Both Martinez and White said they hope to see several large-scale projects come to fruition, including a database identifying what businesses are queer-friendly “safe spaces.” White said while there are regional networks of queer-friendly businesses, there is nothing on the national level.
“Creating a national registry insures businesses are staying true to their word and remaining queer-friendly,” White said. ...
Coming Sunday, Oct. 9th (Columbus Day Weekend): Inspired by the beauty & intrigue of Cirque du Soliel, the DC Fetish Ball will bring together some of the scene's very best DJ's, Models, Fashion, Live Entertainment, & Nationally Recognized Talent - all accented w/ an incredible play space in one of the city's most lavish venues to create an event that’s worthy of the Nation's Capitol. THIS is an evening you won’t want to miss!
Beyond the Bedroom is described by co-organizer Dan Powers, aka Daka-Dan, as an October 16 educational event about sex. But police in Lakewood, where Beyond the Bedroom was originally scheduled to take place, weren't so sure, due in part to a possible live demonstration of orgasmic meditation, not to mention a BDSM class and videos featuring female ejaculation.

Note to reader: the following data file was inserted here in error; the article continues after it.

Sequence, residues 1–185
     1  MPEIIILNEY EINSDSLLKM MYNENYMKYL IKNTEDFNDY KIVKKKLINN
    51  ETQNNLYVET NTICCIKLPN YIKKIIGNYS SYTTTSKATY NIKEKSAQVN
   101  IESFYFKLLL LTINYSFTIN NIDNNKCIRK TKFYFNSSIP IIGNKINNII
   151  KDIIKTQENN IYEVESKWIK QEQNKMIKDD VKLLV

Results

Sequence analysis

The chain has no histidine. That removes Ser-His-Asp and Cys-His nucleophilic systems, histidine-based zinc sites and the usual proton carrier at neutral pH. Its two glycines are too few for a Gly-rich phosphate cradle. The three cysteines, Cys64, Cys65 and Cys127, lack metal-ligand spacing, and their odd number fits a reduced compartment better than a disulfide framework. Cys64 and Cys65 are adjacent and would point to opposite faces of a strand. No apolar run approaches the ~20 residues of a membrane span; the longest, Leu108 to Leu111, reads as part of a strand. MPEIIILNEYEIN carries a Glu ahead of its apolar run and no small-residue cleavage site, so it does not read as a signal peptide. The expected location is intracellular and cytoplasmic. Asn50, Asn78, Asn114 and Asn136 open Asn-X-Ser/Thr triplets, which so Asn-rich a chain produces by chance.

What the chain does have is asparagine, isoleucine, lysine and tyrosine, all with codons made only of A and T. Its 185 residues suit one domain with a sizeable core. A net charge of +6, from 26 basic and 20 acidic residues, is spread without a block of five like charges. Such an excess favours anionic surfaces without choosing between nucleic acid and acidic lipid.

"They didn't say we couldn't hold the event there," Daka-Dan recalls. "But they did say if any of the presenters did anything illegal, they'd be arrested, and me and my partner" -- pro-polyamory nonprofit Loving More's Robyn Trask -- "would be arrested, too."
Steve Davis, spokesman for the Lakewood Police Department, puts it differently, maintaining that only what he refers to via e-mail as "live sexual acts" were described as forbidden. But Daka-Dan and Trask were freaked out enough to relocate Beyond the Bedroom to Westminster anyhow.
According to Daka-Dan, "Beyond the Bedroom is a spinoff of what used to be called the Sex Show or the Sex and So Much More Show. That event was half adult-entertainment and half adult-sex education -- and the combination didn't work that well for the adult-education part.